Pre_GI: BLASTP Hits

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Query: NC_010723:298954:316620 Clostridium botulinum E3 str. Alaska E43, complete genome

Start: 316620, End: 317063, Length: 444

Host Lineage: Clostridium botulinum; Clostridium; Clostridiaceae; Clostridiales; Firmicutes; Bacteria

General Information: This strain was probably isolated from salmon eggs associated with a foodborne case of botulism in Alaska, however the exact details are not available. This genus comprises about 150 metabolically diverse species of anaerobes that are ubiquitous in virtually all anoxic habitats where organic compounds are present, including soils, aquatic sediments and the intestinal tracts of animals and humans. This shape is attributed to the presence of endospores that develop under conditions unfavorable for vegetative growth and distend single cells terminally or sub-terminally. Spores germinate under conditions favorable for vegetative growth, such as anaerobiosis and presence of organic substrates. It is believed that present day Mollicutes (Eubacteria) have evolved regressively (i.e., by genome reduction) from gram-positive clostridia-like ancestors with a low GC content in DNA. This organism produces one of the most potent and deadly neurotoxins known, a botulinum toxin that prevents the release of acetylcholine at the neuromuscular junction, thereby inhibiting muscle contraction and causing paralysis. In most cases the diseased person dies of asphyxiation as a result of paralysis of chest muscles involved in breathing. The spores are heat-resistant and can survive in inadequately heated, prepared, or processed foods. Spores germinate under favorable conditions (anaerobiosis and substrate-rich environment) and bacteria start propagating very rapidly, producing the toxin.Botulinum toxin, and C. botulinum cells, has been found in a wide variety of foods, including canned ones. Almost any food that has a high pH (above 4.6) can support growth of the bacterium. Honey is the most common vehicle for infection in infants. Food poisoning through C. botulinum is the most frequent type of infection caused by this bacterium. The wound botulism that occurs when C. botulinum infects an individual via an open wound is much rarer and is very similar to tetanus disease. There are several types of botulinum toxin known (type A through type F), all of them being neurotoxic polypeptides. The most common and widely distributed are strains and serovars of C. botulinum that produce type A toxin.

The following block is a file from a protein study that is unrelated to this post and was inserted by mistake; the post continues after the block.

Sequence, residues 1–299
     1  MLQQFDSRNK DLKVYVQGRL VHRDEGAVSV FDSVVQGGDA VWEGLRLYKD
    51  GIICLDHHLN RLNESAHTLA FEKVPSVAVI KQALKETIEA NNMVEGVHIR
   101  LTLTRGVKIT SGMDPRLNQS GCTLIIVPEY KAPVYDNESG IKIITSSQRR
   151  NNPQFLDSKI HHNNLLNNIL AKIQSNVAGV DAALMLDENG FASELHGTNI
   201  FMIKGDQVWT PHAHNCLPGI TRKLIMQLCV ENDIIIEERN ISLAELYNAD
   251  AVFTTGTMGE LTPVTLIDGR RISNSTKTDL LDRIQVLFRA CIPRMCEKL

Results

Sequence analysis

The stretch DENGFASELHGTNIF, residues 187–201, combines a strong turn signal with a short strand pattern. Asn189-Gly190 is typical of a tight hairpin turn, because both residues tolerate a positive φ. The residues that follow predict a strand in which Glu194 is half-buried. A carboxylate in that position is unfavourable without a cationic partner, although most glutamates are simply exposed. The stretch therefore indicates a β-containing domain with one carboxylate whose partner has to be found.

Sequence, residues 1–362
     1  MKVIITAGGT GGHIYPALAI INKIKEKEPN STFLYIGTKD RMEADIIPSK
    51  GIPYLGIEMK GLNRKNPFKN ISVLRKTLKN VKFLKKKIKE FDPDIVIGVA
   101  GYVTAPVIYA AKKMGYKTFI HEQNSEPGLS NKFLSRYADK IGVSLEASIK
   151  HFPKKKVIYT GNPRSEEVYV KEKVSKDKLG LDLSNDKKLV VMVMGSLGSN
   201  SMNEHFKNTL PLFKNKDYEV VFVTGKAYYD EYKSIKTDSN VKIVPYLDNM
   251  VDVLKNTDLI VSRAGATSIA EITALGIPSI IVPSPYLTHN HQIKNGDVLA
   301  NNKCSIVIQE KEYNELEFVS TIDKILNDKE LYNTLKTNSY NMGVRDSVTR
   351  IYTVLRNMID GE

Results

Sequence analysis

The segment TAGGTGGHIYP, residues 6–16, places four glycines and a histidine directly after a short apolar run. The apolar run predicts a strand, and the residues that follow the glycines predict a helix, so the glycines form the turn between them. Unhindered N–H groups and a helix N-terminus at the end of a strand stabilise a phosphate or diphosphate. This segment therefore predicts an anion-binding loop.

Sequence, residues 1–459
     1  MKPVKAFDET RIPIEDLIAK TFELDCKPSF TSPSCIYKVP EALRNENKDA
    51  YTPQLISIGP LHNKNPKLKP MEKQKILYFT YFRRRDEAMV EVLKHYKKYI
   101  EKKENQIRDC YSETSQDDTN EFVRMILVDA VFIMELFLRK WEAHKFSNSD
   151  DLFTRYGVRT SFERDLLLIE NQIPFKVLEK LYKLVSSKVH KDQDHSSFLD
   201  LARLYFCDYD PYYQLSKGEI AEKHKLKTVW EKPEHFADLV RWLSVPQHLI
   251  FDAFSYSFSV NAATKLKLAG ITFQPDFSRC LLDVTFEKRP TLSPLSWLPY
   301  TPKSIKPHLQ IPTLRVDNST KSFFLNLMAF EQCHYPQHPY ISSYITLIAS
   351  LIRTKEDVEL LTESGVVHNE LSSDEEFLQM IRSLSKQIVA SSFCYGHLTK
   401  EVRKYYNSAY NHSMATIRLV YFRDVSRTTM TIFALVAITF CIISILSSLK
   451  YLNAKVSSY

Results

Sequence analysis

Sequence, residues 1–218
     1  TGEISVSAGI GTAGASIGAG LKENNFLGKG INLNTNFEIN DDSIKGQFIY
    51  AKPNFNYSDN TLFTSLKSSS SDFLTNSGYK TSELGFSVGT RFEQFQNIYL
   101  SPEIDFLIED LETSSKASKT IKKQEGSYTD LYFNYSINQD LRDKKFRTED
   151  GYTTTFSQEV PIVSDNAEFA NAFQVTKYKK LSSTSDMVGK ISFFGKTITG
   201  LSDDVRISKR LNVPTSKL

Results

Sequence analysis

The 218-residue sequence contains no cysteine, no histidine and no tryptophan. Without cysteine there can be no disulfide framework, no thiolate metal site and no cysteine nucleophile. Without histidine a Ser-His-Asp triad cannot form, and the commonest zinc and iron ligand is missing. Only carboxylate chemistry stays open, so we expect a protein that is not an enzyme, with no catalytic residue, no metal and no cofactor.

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SubjectStartEndLengthSubject Host DescriptionCDS descriptionE-valueBit score
NC_016641:438500:445079445079445504426Paenibacillus terrae HPL-003 chromosome, complete genomeMarR family transcriptional regulator4e-0857
NC_011837:56000:757257572576159435Clostridium kluyveri NBRC 12016, complete genomehypothetical protein4e-0857
NC_009706:56000:757257572576159435Clostridium kluyveri DSM 555 chromosome, complete genometranscriptional regulator4e-0857
NC_014479:2505823:251606925160692516494426Bacillus subtilis subsp. spizizenii str. W23 chromosome, completeMarR family transcriptional regulator5e-0856.6
NC_013406:3400114:340848834084883408913426Paenibacillus sp. Y412MC10 chromosome, complete genomeMarR family transcriptional regulator7e-0856.2
NC_010003:1444623:144635314463531446850498Petrotoga mobilis SJ95, complete genometranscriptional regulator, MarR family6e-0856.2
NC_007296:1073784:108834310883431088768426Streptococcus pyogenes MGAS6180, complete genometranscriptional regulator, MarR family3e-0753.9
NC_009921:6447151:646546464654646466015552Frankia sp. EAN1pec, complete genometranscriptional regulator, MarR family5e-0753.1
NC_013947:3406000:341245434124543412918465Stackebrandtia nassauensis DSM 44728 chromosome, complete genometranscriptional regulator, MarR family1e-0652.4
NC_012108:1694817:170877717087771709223447Desulfobacterium autotrophicum HRM2, complete genomeputative MarR family protein1e-0651.6
NC_014727:889132:891398891398891880483Lactobacillus delbrueckii subsp. bulgaricus ND02 chromosome,transcriptional regulator6e-0649.7